All of the later painted versions, including the most famous Scream, have a much higher viewpoint, looking down to small and distant ships in the harbor below, with the city suggested on the right.
So, we were actually searching for two locations—with the lower location the more important one because the original experience occurred there. During our visit in Oslo we found both the lower and upper viewing locations on the slopes of a 465-foot hill called the Ekeberg.
The upper location is a viewpoint on a rocky ledge 420 feet above the harbor. The panorama from this spot was illustrated on dozens of postcards and lantern slides from Munch's time. Although the view toward the fjord is generally towards the west and southwest, this upper location cannot be the precise spot where Munch saw the red twilight and "leaned against the railing, dead tired." Early maps that we examined at the Oslo city museum make it clear that no road (and railing) reached this overlook. The rocky ledge can still be reached by hiking to the northwest slope of the hill, now rather overgrown by trees.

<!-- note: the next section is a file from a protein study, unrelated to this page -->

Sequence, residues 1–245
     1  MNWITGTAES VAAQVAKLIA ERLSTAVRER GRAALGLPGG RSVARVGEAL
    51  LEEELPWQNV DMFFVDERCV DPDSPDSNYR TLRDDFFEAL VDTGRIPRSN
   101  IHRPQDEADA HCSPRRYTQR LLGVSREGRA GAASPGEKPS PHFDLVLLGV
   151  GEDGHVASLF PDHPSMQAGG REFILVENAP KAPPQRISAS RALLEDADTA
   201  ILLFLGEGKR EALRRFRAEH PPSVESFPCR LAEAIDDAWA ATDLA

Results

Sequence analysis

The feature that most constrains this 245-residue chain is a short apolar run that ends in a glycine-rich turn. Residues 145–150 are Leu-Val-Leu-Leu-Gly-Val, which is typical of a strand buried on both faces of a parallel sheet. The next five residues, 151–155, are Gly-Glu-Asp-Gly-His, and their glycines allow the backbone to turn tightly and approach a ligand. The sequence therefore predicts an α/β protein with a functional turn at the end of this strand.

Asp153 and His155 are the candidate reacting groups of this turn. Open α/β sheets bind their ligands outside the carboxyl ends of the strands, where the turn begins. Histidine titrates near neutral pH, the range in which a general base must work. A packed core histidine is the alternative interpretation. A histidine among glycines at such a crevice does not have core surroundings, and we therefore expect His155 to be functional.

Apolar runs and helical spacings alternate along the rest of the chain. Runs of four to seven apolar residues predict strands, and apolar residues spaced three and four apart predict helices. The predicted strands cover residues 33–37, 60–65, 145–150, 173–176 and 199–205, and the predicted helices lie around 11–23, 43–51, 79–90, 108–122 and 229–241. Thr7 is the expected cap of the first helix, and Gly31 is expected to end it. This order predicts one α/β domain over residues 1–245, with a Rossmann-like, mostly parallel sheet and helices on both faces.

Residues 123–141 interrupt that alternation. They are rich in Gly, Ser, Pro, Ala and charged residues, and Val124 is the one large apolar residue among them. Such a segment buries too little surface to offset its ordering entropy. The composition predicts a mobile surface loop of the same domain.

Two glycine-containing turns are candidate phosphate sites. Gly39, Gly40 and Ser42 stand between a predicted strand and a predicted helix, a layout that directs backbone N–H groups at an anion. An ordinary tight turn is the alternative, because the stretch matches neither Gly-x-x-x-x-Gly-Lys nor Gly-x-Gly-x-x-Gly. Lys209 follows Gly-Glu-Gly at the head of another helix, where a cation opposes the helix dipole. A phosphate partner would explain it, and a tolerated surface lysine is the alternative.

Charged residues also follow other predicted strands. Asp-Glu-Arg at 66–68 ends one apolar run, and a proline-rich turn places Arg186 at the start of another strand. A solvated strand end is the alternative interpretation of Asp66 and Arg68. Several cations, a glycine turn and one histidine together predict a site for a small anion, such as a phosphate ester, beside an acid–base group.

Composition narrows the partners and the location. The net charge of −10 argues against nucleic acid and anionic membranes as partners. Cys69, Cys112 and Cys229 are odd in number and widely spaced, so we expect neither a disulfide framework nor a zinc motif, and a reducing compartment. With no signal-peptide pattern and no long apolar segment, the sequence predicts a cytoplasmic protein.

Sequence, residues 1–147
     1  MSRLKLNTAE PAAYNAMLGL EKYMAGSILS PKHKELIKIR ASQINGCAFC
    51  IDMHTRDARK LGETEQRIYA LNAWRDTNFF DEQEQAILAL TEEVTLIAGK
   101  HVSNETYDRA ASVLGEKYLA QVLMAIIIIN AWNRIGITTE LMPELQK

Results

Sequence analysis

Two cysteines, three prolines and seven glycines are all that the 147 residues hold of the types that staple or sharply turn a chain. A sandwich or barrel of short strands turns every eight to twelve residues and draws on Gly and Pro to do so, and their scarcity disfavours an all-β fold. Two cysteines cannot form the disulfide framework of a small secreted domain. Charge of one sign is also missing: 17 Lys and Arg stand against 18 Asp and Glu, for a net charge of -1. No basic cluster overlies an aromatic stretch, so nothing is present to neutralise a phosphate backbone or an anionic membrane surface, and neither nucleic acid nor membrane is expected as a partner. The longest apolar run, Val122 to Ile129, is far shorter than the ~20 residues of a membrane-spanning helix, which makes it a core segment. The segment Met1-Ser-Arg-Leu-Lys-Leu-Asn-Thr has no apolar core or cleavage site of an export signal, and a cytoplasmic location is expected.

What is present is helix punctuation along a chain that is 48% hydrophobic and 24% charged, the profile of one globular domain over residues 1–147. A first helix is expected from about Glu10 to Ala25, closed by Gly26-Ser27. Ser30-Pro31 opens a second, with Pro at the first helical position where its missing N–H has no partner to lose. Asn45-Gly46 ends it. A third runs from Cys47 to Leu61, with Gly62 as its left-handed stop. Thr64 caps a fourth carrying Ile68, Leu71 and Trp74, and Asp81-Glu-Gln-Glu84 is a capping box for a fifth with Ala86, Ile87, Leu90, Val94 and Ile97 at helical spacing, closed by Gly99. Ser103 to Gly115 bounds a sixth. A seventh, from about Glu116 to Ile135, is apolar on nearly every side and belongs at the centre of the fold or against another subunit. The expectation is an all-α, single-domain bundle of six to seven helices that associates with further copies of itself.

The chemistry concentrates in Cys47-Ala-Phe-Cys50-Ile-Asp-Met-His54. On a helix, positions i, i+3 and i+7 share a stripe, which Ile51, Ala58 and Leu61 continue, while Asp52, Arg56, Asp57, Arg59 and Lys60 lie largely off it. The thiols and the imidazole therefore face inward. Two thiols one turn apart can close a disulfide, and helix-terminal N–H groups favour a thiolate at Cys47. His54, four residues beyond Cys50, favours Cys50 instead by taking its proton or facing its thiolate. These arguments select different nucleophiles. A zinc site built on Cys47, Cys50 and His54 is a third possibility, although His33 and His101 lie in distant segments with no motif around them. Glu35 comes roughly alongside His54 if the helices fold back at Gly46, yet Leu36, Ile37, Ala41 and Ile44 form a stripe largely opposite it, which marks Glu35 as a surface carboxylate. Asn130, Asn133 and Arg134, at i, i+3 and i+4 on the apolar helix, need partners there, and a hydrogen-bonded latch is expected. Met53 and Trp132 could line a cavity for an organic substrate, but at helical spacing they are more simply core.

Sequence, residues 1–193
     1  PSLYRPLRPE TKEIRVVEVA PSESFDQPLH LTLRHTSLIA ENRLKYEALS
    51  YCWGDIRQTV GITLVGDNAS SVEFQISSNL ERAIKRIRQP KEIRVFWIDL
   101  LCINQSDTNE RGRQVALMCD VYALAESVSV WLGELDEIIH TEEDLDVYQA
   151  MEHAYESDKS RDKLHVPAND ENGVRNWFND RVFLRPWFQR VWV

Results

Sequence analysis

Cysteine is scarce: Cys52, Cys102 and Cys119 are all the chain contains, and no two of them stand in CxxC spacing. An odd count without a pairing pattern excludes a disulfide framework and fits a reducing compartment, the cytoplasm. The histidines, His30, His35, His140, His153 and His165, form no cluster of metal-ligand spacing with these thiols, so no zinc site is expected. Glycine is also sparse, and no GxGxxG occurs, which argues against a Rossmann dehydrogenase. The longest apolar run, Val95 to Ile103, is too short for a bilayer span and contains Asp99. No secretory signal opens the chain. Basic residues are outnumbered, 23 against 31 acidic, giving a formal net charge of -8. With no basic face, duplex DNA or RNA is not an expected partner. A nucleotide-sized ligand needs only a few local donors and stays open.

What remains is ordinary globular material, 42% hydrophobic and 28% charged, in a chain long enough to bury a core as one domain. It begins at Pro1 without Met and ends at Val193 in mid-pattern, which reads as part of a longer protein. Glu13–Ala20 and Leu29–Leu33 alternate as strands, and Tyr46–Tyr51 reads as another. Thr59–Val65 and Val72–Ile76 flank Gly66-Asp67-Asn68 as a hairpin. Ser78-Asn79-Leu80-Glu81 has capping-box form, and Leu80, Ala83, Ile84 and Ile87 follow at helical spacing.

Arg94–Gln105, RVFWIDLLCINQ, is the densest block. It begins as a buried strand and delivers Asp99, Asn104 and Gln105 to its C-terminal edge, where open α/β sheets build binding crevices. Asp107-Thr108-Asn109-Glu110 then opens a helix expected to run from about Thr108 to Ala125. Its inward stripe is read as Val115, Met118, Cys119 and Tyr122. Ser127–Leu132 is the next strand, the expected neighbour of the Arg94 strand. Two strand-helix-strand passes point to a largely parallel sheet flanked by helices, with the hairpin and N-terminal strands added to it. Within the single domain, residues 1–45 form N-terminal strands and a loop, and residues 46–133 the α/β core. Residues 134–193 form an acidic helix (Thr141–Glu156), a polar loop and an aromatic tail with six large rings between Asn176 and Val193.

The lower viewpoint, the one employed for Munch's first sketch, is on a road that wraps around the western slope of the Ekeberg hill. Art historian Frank Høifødt (Munch Museum) helped us find a 19th-century photograph showing this road, then called the Ljabrochausséen, bordered by railings exactly like those drawn and painted by Munch. The road is only 50 feet above the water level. By studying the perspective of the cliff and the distinctive round hill on Hovedo island, we could determine Munch's position with remarkable precision, within about 10 feet. From this spot, Munch's direction of view in the drawing was toward the southwest—exactly where the Krakatoa twilights appeared in the winter of 1883-1884.
Munch's own words, along with our topographic results, provide strong evidence that these blood-red afterglows are the connection between one of the world's most famous volcanoes and one of the world's most famous paintings.
Don Olson and Russell Doescher teach in the Physics Department, and Marilynn Olson in the English Department, at Texas State University. The complete version of this article appeared in Sky & Telescope (February 2004).
©1995 - 2017, AMERICAN PHYSICAL SOCIETY
APS encourages the redistribution of the materials included in this newspaper provided that attribution to the source is noted and the materials are not truncated or changed.